Logo

Homelessness Kills (2012)

06.03.2012 1080 XX

This study investigates the mortality of homeless people in England for the period 2001-2009. It finds that homeless people are more likely to die young, with an average age of death of 47 years old, compared to 77 for the general population.

Main findings

  • From the records of deaths in England between 2001-2009, 1,731 were identified as having been homeless people. Of these 90% were male and 10% female whereas the gender split of deaths of the adult general population is 48% male and 52% female.
  • Nearly a third of the deaths of homeless people identified from the records were in the London region.
  • Homeless people are more likely to die young, with an average age of death of 47 years old and even lower for homeless women at 43, compared to 77 for the general population, 74 for men and 80 for women. It is important to note that this is not life expectancy; it is the average age of death of those who die on the streets or while resident in homeless accommodation.
  • At the ages of 16-24, homeless people are at least twice as likely to die as their housed contemporaries; for 25-34 year olds the ratio increases to four to five times, and at ages 35-44, to five to six times. Even though the ratio falls back
    as the population reaches middle age, homeless 45-54 year olds are still three to four times more likely to die than the general population, and 55-64 year olds one and a half to nearly three times.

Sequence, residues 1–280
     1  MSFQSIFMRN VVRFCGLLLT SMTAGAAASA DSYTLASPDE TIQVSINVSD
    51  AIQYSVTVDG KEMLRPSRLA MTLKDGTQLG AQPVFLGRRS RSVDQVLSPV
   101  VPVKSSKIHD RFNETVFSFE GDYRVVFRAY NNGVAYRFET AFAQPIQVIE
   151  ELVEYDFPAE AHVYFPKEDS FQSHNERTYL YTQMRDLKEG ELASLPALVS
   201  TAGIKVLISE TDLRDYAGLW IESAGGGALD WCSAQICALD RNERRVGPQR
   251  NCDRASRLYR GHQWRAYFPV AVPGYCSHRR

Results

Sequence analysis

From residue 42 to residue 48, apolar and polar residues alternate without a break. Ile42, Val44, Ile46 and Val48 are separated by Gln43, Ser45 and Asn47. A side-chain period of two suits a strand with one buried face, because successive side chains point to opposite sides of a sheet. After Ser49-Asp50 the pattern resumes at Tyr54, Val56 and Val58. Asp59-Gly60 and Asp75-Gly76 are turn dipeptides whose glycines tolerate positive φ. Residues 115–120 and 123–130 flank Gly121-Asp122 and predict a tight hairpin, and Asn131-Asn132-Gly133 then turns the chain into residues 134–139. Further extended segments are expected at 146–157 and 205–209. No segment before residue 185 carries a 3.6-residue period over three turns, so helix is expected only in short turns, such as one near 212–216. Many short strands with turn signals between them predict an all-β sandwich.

• Drug and alcohol abuse are particularly common causes of death amongst the homeless population, accounting for just over a third of all deaths. Homeless people have seven to nine times the chance of dying from alcohol-related diseases and twenty times the chance of dying from drugs.
  • Homeless men and women had similar mortality ratios for deaths due to alcohol, while for deaths due to drugs, men were seventeen times, and women thirteen times, more likely to die than the general population. Men were also more likely to die from cardiovascular problems than women.

As these findings clearly indicate, being homeless is incredibly difficult both physically and mentally and has significant impacts on people’s health and well being. Homelessness leads to very premature mortality and increased mortality rates. Ultimately, homelessness kills.

Reference

Thomas, B. (2012) Homelessness kills: An analysis of the mortality of homeless people in early twenty-first century England. London: Crisis.

Downloads

Homelessness Kills (PDF)

An analysis of the mortality of homeless people in early twenty-first century England


Homelessness Kills - Executive summary (PDF)

Executive summary of the full Homelessness Kills report.